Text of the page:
Vietnam’s sole oil refinery operator aims to raise $155 mln from January IPO

By Minh Tri   December 21, 2017 | 03:00 pm GMT+7
Vietnam’s sole oil refinery operator aims to raise $155 mln from January IPO
Dung Quat Oil Refinery of Binh Son Company. Photo courtesy of PetroVietnam

Binh Son also plans to offer a 49 percent stake in the refinery to strategic investors.

Vietnam’s only oil refinery operator is planning to sell a 7.79 percent stake at an initial public offering (IPO) in January from which it hopes to fetch $155.5 million.

Binh Son Refining and Petrochemical Company, which owns the $3.2 billion Dung Quat refinery, is set to offer 242 million shares at an initial price of VND14,600 ($0.64) apiece, CEO Tran Ngoc Nguyen said at a press conference in Ho Chi Minh City on Wednesday.

The state-owned company had originally planned to sell a 4 percent stake, but has repeatedly delayed its IPO. The final date is now set for January 17, Nguyen said.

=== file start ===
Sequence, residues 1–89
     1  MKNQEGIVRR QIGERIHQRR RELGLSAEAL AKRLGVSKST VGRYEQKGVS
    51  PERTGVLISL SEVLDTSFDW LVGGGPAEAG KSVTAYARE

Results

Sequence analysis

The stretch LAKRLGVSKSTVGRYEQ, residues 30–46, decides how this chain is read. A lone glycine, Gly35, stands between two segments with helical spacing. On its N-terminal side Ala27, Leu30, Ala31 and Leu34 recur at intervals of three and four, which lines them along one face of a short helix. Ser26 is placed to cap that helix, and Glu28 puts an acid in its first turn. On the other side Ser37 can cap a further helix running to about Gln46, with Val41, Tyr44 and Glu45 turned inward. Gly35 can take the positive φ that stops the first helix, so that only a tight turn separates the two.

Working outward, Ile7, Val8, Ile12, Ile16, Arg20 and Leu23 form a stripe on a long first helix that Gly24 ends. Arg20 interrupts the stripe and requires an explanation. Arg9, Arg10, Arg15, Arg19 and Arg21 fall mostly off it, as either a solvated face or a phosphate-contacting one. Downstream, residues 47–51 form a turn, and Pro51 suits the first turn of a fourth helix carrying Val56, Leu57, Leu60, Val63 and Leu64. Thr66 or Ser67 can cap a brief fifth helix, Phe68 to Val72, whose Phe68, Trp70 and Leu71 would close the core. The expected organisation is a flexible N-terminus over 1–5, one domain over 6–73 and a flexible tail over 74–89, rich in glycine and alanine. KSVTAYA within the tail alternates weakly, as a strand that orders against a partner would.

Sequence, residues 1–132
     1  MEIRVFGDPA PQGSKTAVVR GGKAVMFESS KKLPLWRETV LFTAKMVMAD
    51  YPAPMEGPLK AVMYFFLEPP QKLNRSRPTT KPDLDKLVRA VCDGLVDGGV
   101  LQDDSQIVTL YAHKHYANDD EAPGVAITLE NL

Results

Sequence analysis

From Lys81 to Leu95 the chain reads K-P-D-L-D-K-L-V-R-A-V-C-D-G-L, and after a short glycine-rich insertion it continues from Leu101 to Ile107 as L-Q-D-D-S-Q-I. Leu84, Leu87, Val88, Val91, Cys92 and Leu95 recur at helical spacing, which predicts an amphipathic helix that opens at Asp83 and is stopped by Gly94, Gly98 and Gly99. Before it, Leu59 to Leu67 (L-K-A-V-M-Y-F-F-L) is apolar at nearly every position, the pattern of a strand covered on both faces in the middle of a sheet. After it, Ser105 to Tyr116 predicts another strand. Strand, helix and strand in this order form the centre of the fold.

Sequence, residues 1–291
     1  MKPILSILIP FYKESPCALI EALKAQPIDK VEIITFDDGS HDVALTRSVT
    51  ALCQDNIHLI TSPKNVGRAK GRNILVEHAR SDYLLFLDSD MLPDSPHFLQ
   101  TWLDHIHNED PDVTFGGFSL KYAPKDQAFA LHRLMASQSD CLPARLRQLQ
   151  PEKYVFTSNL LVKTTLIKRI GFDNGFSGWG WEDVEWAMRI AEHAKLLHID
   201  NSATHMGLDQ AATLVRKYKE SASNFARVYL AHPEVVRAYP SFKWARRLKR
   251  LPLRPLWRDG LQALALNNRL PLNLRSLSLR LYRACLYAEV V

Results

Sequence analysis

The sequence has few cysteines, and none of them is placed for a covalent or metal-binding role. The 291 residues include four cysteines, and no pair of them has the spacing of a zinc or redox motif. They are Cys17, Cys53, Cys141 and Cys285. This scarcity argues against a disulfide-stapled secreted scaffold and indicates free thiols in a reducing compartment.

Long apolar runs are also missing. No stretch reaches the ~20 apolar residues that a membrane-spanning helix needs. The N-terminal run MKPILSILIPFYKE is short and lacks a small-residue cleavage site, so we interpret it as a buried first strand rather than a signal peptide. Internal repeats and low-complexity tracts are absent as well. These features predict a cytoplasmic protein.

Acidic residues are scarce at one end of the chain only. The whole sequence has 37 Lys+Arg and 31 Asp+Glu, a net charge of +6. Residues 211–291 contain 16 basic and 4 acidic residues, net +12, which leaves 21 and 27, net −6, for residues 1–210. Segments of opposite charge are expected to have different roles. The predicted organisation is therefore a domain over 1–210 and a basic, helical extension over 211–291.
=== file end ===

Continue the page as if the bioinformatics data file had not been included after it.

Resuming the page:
He said the company also plans to sell a 49 percent stake in the refinery to strategic investors, and has received interest from 17 foreign corporations and investment funds, including the U.S.’s World Petro, Spain’s Repsol and MacronPetro Petroleum of Cyprus.

Tran Thang Long, analysis director of BIDV Securities Company, said that Binh Son’s business performance is going to improve, given the fact it enjoys tariff and land use fee exemptions, and the freedom to set market prices.

Gasoline demand in Vietnam is expected to increase 5.6 percent every year until 2025, Long said.

He said the company reported a VND5.43 trillion ($239 million) profit in the first nine months, while its assets have risen to more than VND11 trillion.

Binh Son’s stake sale is part of the government’s drive to privatize state-owned enterprises to improve their performance.

On Monday, Thai Beverage (TBEV.SI) won an auction to buy a 54 percent stake worth $4.84 billion in top Vietnamese brewer Sabeco.

Vietnam’s public debt hit 63.7 percent of GDP at the end of last year, and is predicted to inch up to 64.8 percent by the end of this year, according to official figures.

The government-sanctioned debt ceiling is 65 percent of GDP.

 
 
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